The real LGBTQ activists in the Middle East are now in danger as a result of the hoax being revealed. Several of them took risks to identify themselves in an effort to save their supposed lost compatriot. Daniel Nassar, a Syrian gay activist, says that “I used to use my real name as a handle and a picture of my face as an avatar. Now, I’ve been forced back into the closet online. Amina’s arrest may have been made up, but now the threat feels all too real.”

Another Syrian gay activist, Sami Hamwi, fears that this high-publicity hoax could cause Syrian authorities to crack down on gay activists. “I think they will not wait until the blogger is famous or well-read to seek them out,” he said. “[And] arrests in Syria means actual disappearing.… No one can hear or know about the arrested people, sometimes for decades.”

Both of the aforementioned activists use pseudonyms, but they are otherwise who they say they are. They don’t use their real names, because they don’t want to be arrested or killed. Salma, a writer for the Queer Arab magazine Bekshoos, was in touch with “Amina” prior to the hoax being revealed. She says that “I understood what anonymity meant to her and I know what it means to us. I expected a fake picture and even a fake name; I did not expect a fake personality all together.” She continues:

“Sadly Mr. MacMaster with his hoax delegitimized the voice of so many Arab, specifically Syrian, bloggers. He spoke on our behalf without having the right or legitimacy of doing so, while delegitimizing our voice in the process. So I would like to thank you for stepping on our feet, experimenting with our lives, opening the eyes of an oppressive system to our existence, and most of all thank you for lying to us and tricking us into believing you.”

 

Delegitimizing people who are actually on the ground is a very big problem. But there is also another reason why assumed identities are damaging. Both MacMaster and Graber said that they cared deeply about the issues they were blogging about, and wanted to be taken seriously. They felt that in order to be taken seriously, they had to try to write from the inside of those issues. Functionally, they were saying that it’s not actually alright to be vocal about an issue unless it actually affects you directly as a marginalized person. That being indirectly affected by your observations of marginalization from the outside is not valid. That being an ally is unacceptable, and doesn’t count.

In other words, even though they claimed to be trying to publicize issues of lesbianism, in the US and in Syria, both through their actions indicate that no one should actually be interested in lesbians and/or Syria unless they were actually lesbian and/or Syrian. Taken to its logical conclusion, this same train of thought tells us that no one who is male should care about women or vice versa, that no one who belongs to any one racial or ethnic group should worry about what’s happening to members of another ethnic or racial group, and no one in any given country should give a damn about any other country.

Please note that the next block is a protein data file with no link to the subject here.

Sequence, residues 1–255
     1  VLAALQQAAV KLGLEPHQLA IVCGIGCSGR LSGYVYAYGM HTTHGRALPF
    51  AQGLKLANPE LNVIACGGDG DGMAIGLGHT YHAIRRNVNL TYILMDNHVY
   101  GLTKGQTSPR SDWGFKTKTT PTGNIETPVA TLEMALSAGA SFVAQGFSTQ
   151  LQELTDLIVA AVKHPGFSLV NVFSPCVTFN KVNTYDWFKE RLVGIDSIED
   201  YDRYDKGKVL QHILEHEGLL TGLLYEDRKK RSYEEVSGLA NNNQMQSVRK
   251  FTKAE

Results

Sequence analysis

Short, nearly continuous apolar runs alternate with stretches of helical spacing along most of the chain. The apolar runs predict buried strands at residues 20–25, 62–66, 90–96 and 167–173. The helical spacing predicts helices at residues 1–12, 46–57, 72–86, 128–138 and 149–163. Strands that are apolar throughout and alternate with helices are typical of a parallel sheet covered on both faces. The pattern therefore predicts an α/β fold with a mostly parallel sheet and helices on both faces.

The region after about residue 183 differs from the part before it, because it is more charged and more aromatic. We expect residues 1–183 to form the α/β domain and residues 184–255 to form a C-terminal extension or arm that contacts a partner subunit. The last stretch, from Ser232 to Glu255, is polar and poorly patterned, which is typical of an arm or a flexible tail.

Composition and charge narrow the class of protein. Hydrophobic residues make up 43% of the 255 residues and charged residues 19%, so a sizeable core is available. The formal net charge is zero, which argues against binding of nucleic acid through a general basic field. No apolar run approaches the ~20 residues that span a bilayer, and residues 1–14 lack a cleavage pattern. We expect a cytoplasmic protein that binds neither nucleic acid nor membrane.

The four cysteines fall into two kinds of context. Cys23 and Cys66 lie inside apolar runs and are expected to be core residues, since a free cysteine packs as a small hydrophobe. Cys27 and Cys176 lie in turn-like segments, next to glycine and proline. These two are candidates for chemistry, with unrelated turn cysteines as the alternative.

That’s dangerous. That’s a problem.

Historically, gaining allies in the dominant group has been a very important step for minority groups to gain their rights. Part of the success of the women’s movement came from men telling other men, “hey, I’ve heard what the women are saying about the limited opportunities they face, and they’re right. We should try to help them.” Part of the success of the Civil Rights movement came from white people in America saying, “hey, racial discrimination is real, and it’s wrong. Let’s see what we can do to help.” Part of the success of the current gay rights movement in the US comes from straight people saying, “wow, it doesn’t make sense for gay people not to have the same rights that we do. We should try to change that.”

Allies have a role. Their role is to create more allies. Their role is to increase the number of people who care about a particular issue towards a critical mass, so that social change can actually take place. So if you care about gay rights and you’re not gay, that’s great. If you care about racial equality and you’re white, that’s awesome. If you care about any issue that directly affects someone from a different demographic, but doesn’t directly affect you, congratulations. You recognize that injustice exists, and that it affects people, and you want to change it. That’s good. But don’t try to create the change by pretending to be something or someone that you’re not. Be honest about who you are, and why the issue is important for you. Talk to the people who are directly affected, and help their voices reach a wider audience. Claim your status as an ally, and recognize that it is an important one, and that it is legitimate. Because when you deny that you’re an ally and try to speak for someone else, it doesn’t just delegitimize the people you’re impersonating. It delegitimizes you.